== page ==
Saturday, November 03, 2012

Of Rolex

I supposed a full analysis of Swatch and the Swiss watch industry would never be complete without talking about the two most prestigious brands: Rolex and Patek Philippe. Hence this post and the next are here to fill the gap. Interested readers can start from the first post on Swatch.

Rolex is undoubtedly the most renowned brand in world of watches. In fact it's so popular that most youngsters today would eschew Rolex, believing that it's over exposed, too loud or simply too common. Some would even think that it has degraded to an "Uncle Brand". Only uncles who want to show off would buy that gold Rolex watch that is easily recognizable and the perfect way to brag about the wealth that they actually do not possess.
The Rolex logo and the model Uncles like

I read at another blog where an avid watch lover blogger aptly wrote that when people see his Rolex, there would be almost as many who would go, "Eeee, another Rolex, this guy is all about showing off." versus "Wow, cool, it's a Rolex GMT Master II!".

To understand the story of Rolex, we need to study its history (trust me, it's fascinating) and its founder. Btw, the Rolex wiki also has a good short writeup for those who want the full story.

It is worth noting that major Rolex innovations and events stopped some 50 years ago but what has transpired before that is so profound that it lasted half a century and hence till this day, Rolex is still the No.1 watch brand selling almost a million pieces per year (to be exact, experts estimate 800,000) and Rolex has a revenue of USD 6 billion, an almost 20% market share in the luxury watch market. On average, each Rolex sells for USD 7,000+.

Rolex today remains unlisted and is owned by a foundation with part of its profits going to charity. Its financials are not public and much of what the company does remains illusive to analysis. What we do know is its illustrious history.

Rolex SA was founded by Hans Wilsdorf in 1905, with a dream to make the best reliable watches for people and for those in important and noble but sometimes dangerous professions. As a result of his passion, ingenuity and a lot of business mind, Rolex has a good list of world's firsts, including the world's first waterproof watch, first automatically changing date (apparently in the past, you have to change the date yourself, every day!), first watch to show 2 time zone (GMT) and first to show both day and date. All movements were practical and yet with displays of ingenuity. Needless to say though, they were also made in-house, a trait that serious watchmakers took serious pride in having. Sadly, its innovations ended when Hans died in 1960.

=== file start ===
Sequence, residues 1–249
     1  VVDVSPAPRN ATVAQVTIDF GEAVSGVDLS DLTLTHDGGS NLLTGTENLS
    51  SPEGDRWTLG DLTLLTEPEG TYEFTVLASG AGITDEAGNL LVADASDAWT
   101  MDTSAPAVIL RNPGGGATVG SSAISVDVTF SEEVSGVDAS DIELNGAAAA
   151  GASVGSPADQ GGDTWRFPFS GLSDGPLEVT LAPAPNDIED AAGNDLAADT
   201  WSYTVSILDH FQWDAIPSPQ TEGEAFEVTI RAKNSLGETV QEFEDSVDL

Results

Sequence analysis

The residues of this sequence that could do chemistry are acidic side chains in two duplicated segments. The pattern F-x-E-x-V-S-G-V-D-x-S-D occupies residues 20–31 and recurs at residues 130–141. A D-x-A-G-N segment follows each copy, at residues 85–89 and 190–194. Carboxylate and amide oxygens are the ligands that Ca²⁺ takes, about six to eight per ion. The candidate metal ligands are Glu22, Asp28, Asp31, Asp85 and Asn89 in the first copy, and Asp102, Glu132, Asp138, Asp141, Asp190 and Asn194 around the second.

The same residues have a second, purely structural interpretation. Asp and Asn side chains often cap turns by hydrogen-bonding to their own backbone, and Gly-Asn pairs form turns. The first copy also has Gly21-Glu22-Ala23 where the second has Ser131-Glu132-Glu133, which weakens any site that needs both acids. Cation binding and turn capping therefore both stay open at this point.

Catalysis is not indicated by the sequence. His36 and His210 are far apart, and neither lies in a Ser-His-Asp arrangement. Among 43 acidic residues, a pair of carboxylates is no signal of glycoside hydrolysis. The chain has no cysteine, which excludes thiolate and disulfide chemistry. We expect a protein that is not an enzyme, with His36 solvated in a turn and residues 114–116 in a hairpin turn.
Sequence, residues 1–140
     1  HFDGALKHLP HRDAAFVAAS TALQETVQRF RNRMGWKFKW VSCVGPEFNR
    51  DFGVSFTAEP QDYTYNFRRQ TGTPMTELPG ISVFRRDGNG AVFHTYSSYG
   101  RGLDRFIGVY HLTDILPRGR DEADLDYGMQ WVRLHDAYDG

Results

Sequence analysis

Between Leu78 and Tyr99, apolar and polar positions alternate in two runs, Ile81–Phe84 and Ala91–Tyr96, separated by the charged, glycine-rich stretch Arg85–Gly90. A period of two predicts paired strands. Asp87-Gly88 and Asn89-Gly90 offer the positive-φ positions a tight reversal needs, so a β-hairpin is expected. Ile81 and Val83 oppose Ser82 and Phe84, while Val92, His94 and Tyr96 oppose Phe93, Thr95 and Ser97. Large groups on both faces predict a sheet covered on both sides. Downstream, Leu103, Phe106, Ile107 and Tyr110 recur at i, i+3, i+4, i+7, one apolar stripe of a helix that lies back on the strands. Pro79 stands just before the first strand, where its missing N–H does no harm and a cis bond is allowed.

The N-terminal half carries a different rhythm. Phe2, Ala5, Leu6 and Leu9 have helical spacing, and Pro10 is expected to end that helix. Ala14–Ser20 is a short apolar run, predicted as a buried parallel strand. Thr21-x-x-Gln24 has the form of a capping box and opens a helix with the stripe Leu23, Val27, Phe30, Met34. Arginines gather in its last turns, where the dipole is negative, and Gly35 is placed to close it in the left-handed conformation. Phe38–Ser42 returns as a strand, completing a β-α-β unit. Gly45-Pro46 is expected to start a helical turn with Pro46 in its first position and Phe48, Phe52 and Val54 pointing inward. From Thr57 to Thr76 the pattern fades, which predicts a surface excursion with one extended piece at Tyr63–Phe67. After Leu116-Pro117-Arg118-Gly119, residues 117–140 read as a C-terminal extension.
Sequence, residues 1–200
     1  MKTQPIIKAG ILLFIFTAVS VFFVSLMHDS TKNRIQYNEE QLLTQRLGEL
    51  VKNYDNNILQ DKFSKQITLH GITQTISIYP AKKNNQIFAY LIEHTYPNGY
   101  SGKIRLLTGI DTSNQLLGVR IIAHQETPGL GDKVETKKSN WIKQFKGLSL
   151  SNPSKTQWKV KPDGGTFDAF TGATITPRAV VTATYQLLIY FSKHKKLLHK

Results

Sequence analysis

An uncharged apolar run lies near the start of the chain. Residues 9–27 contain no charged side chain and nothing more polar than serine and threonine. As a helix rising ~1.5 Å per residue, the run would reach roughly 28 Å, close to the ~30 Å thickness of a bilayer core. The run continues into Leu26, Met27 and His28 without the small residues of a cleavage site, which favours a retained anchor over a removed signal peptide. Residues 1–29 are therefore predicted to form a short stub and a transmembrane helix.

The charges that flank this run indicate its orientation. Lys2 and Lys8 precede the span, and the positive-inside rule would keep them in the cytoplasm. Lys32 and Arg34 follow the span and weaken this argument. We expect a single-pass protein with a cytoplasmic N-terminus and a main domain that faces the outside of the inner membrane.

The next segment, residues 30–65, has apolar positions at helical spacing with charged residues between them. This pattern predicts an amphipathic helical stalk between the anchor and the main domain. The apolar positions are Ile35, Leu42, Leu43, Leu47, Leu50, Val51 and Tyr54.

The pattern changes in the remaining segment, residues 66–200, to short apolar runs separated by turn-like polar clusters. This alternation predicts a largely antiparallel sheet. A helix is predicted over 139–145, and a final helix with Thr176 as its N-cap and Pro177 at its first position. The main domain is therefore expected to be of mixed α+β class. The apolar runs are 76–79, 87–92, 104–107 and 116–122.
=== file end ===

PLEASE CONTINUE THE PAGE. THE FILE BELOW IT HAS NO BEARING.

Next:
But what's more fascinating about Rolex is its participation in significant events of human triumph. Such as being the watch that was wore on the first conquest of Mt Everest or the watch that went to the deepest dive in Mariana Trench some 10,000 metres deep. Still working, of course at the extremes of our beloved planet. (Well... Omega went to the moon, hence this blogger recommends Swatch which owns Omega :) It was also the preferred watch for soldiers and pilots during the WWII which were, unfortunately, confiscated by the Nazis.

Its enduring effort to help others with innovation and pure simple generosity is another hallmark of its legacy. For the POWs who lost their watches to the Nazis, Hans made sure that the soldiers received a free watch as long as they wrote a letter to Rolex. Then in the 1950s, when pilots needed to fly transcontinental, Rolex developed the GMT watch for PanAm so as to help the pilots and crew cope with jet lag and communications back home.

For workers working in environments that caused interference with mechanical watches (engineers in power plants, doctors using MRI etc), Rolex developed the Milgauss that is anti-magnetic. As for sea-farers, mountain climbers, racers, trekkers and explorers, Rolex have dedicated models to them and some of these are also the best selling and are the best retainers of value.

The Rolex Milgauss

It is hard for us to fathom today, but during those times some 50 years ago, an accurate watch was very important not just for professionals but also for normal folks. There were stories of train crashes because the operator's watch wasn't working well. Hans understood this need for accurate timekeeping for everyone, especially for some who cannot afford Rolex. So he created a second line called Tudor, which uses ETA/Swatch movements so that others can afford them. Today Tudor is seen as 2nd class and hence almost fading into oblivion, but I see the decision back then as a noble one of empowering the working class. One that is close to the heart of Hans and Rolex's legacy.

With all these strong powerful emotive stories behind Rolex, is it a wonder it grew to become the most well-loved watch brand globally? Of course, most aunties and uncles probably don't know the stories of trials and tribulations behind the Rolex brand. They just buy to show off, or they buy it as a store of value, knowing that it will be worth at least 70-80% of their purchase price should they need to pawn it some day. Actually most Rolex watches if held long enough (like more than 10 years) sells for more than its purchase price.

For aspiring watch lovers who bothered and researched about the world of watchmaking, they would usually go full circle with this love-hate Rolex relationship, just like many others before them. We hate it for its conspicuous ubiquitousity but grow to love it for what it stands for and what it is worth.

That's the story of Rolex.

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